Teaching and Learning Bulletin

Issue 10

This issue is all about creating opportunities for students to take responsibility for improving their own learning. Below are different ideas you can try out to make sure that students realise they need to step up and get involved!

Student Experts

This great idea comes from Sarah Kahan, Head of MFL at Elthorne Park.

Firstly the teacher marks a piece of work with highlighters for different aspects of the agreed success criteria. For example, in MFL, it might be connectives, specific vocabulary, use of different tenses etc. Admittedly, this can take a while but the hope is that effective modelling of this way of assessing work will lead to students being able to critique their own work or that of their peers using the same method.

Then students get their work back, look at the different highlighting, complete corrections and see what they needed to have done to improve their work.

To close the gap, the teacher then identifies particular students who exemplify excellent work of a particular aspect of the criteria and they become the designated teachers for the lesson.

The students are put into groups according to their target for improvement and the peer ‘teacher’ leads the learning. All students should finish the lesson with some clear examples of what they can add to their work to improve it.

Plenary Prefects

This idea comes from Shaun Allinson and is a great way to give particular students responsibility for monitoring the learning of the class.

When students enter the room, two students are given a card stating they are today's Plenary Prefects. Their job is to watch what happens during the lesson really closely and then think of a range of questions to ask students to monitor what progress they are making against the learning objective.

There are ways you could adapt this. For example, the students could be prefects for several lessons if you wanted to develop this idea further. Or you could push students to create other plenary activities such as Odd One Out, Jeopardy Quiz Show, or a Continuum Line.

To read the full post, go to http://classteaching.wordpress.com/2013/03/22/plenary-prefects/

Homework Generators

Homework is often a thorny issue with students; either they think they get too much, too little or it's just sooo boring!

To combat this issue and make students realise that learning outside of the classroom is important, you can assign a group of students to decide on homework activities for a topic.

If you have four or five students thinking about what homework to set, then the students will have a choice - and choice will most likely lead to an increase in quality of homework.

To ensure the homework activities are of an appropriate standard, each homework generator should have a clear remit. For example, different students could focus on activities that develop: creativity; enquiry; planning; using ICT; wider reading; or presenting. This will lead to a variety of homework being handed in over the course of the topic - much more interesting than reading 30 similar pieces of work!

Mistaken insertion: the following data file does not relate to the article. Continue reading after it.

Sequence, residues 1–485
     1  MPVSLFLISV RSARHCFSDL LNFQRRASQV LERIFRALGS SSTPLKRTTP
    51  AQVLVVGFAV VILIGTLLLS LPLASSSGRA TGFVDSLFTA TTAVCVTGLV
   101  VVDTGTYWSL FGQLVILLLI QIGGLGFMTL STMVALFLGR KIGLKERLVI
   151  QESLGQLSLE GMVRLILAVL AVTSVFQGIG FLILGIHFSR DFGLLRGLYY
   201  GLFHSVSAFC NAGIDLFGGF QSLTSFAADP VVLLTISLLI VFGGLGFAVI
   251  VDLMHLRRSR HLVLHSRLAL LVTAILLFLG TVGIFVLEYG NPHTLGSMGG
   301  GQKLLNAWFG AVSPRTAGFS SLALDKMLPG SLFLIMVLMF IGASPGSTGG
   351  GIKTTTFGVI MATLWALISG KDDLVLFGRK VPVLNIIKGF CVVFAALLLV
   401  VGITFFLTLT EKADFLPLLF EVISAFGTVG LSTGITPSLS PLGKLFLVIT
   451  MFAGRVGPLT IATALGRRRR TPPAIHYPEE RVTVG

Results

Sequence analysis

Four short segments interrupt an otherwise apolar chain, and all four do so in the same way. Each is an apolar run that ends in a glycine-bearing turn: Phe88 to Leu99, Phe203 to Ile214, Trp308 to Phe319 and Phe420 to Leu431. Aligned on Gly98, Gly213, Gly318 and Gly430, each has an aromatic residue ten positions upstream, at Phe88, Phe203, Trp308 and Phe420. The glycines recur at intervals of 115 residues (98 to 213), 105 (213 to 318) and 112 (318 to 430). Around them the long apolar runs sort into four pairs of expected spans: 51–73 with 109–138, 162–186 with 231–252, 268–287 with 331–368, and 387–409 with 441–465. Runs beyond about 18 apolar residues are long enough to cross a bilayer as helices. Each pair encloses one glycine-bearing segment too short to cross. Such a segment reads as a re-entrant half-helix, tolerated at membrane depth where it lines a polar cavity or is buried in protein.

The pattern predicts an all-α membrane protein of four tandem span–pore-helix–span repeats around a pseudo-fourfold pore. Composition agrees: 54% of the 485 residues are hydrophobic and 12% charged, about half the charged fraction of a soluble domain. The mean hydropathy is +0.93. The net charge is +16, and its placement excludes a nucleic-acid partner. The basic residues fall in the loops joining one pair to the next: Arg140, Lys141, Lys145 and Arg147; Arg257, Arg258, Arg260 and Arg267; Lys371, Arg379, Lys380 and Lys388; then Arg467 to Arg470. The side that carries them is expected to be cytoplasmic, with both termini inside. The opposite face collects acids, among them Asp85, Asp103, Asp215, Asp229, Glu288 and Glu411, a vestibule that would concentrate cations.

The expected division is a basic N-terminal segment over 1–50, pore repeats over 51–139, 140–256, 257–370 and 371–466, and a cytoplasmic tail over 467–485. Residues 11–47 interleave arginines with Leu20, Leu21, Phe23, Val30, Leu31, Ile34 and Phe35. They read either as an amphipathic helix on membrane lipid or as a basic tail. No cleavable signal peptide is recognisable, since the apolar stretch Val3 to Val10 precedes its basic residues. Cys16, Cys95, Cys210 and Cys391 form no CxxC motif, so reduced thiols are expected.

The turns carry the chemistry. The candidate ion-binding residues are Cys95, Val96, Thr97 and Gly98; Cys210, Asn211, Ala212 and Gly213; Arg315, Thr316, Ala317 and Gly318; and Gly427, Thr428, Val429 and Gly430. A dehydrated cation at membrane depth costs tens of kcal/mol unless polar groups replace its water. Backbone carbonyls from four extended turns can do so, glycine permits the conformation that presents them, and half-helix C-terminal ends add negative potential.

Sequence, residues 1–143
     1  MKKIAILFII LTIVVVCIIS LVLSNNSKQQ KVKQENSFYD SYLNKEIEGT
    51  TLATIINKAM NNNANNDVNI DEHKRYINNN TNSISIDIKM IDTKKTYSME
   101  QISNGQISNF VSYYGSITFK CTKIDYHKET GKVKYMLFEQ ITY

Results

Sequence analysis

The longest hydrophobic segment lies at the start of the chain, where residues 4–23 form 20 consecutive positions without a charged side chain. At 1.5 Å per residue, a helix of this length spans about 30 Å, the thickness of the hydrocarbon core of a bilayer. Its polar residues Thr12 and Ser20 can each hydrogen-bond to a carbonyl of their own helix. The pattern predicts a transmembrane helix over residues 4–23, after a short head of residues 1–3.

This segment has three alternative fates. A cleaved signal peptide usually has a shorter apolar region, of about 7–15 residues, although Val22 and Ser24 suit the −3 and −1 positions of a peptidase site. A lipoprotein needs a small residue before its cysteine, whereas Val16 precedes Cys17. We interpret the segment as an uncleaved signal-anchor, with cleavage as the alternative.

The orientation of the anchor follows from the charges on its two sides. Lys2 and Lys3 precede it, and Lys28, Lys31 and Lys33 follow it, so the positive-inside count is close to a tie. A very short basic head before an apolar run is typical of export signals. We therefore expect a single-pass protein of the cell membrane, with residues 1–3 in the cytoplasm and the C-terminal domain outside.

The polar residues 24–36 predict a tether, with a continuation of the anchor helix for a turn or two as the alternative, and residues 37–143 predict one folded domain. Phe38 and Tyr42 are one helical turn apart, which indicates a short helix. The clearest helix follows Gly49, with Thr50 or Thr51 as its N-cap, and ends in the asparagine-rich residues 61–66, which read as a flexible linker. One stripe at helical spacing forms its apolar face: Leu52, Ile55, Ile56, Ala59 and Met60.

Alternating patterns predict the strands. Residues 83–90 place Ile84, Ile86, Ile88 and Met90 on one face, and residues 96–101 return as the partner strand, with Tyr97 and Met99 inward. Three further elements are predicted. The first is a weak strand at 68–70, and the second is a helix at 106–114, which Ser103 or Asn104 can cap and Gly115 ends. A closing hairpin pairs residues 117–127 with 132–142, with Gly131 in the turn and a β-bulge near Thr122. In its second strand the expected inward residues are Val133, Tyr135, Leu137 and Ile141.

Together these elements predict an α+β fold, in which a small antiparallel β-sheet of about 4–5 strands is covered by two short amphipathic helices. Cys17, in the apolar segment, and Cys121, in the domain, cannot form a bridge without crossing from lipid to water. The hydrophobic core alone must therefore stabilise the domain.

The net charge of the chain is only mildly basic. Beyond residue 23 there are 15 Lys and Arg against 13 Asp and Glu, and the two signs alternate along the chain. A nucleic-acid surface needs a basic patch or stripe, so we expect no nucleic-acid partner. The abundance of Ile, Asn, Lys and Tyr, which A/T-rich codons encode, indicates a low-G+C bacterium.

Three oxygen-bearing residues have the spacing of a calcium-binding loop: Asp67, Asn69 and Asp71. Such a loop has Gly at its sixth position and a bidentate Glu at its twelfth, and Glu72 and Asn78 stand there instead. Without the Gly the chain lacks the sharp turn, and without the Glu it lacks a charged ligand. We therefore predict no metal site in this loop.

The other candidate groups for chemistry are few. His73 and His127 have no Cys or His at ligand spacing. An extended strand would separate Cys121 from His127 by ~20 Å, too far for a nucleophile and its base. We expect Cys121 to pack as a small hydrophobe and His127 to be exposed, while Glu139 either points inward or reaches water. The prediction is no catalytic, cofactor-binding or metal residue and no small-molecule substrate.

Learning Spies

This idea comes from David Didau, a.k.a @LearningSpy. It's a great way for students to think closely about how they participate in lessons and the impact their participation has on their learning.

A student is allocated to a group for the whole lesson. It is their responsibility to make notes on what they see, what they hear and how the group interacts as a whole. The learning spies will do a much better job if they are given a specific proforma. This ensures when it's time for them to feedback to their groups and to update the teacher at different points during the lesson, there should be a consistent approach to feedback.

The learning spies' feedback helps the teacher to know where and how they should intervene to make sure groups are working effectively and learning from each other.

For more information on using learning spies, read the full post at http://learningspy.co.uk/2011/07/11/so-what-are-learning-spies/

Question Wall Monitors

A great way to encourage students to develop a more proactive attitude to learning is to create a Question Wall. All you need is a display board, a plastic wallet and lots of A6 size cards. Put the blank cards in the plastic wallet and pin it to the side of the display board.

In lessons, group students into Questioners and Responders. Early in the lesson, ask the Questioners to go to the board and pose a question about something related to what you've been studying. The only rule is the question cannot have a 'Yes' or 'No' answer.

Later in the lesson, ask the responders to go up to the board, take another card and respond to one of the questions on the board. They need to pin their card next to the original question.

Near the end of the lesson, the students all go to the wall and pick up their card. The questioners and responders sit with each other and discuss their thoughts in more detail.

Learning Journey Maps

Making learning journey maps is a great activity to do with students. It's even easier to do when students are familiar with SOLO taxonomy and the diffferent stages of knowledge development.

Give students the key learning question for the series of lessons. Ask them to think about all of the things they will have to say or do to prove to you that they have enough evidence to respond to the key learning question.

Get them to jot down all of their potential activities. Then they rank them in the order in which they will tackle them during the lessons. The most challenging activity should be the final part of their learning journey.

There's many different templates you could create. I like to use 'The Road Ahead' template below. Or you might want to check out the amazing learning journey in the form of a Tube map from @LeedsArtTeacher, which is posted on TES Resources.